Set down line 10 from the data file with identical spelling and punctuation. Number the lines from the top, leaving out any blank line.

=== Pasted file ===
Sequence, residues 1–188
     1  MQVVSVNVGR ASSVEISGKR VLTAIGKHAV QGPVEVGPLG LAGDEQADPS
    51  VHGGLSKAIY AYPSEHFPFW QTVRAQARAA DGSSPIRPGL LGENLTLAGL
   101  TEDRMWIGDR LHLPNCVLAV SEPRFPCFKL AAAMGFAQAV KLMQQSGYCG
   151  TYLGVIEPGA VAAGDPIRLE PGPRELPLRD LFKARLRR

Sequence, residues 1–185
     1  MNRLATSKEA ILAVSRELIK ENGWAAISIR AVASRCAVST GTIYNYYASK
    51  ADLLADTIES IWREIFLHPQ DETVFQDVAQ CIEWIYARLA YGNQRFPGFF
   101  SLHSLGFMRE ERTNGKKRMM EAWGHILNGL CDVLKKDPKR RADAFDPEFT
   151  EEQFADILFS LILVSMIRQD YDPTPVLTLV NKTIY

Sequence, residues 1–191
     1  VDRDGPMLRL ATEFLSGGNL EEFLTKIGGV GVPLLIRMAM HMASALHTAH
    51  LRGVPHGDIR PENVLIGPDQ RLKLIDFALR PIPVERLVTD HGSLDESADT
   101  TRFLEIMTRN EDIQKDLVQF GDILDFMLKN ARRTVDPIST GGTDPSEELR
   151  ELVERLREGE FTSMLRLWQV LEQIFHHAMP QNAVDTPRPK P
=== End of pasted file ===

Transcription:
   151  EEQFADILFS LILVSMIRQD YDPTPVLTLV NKTIY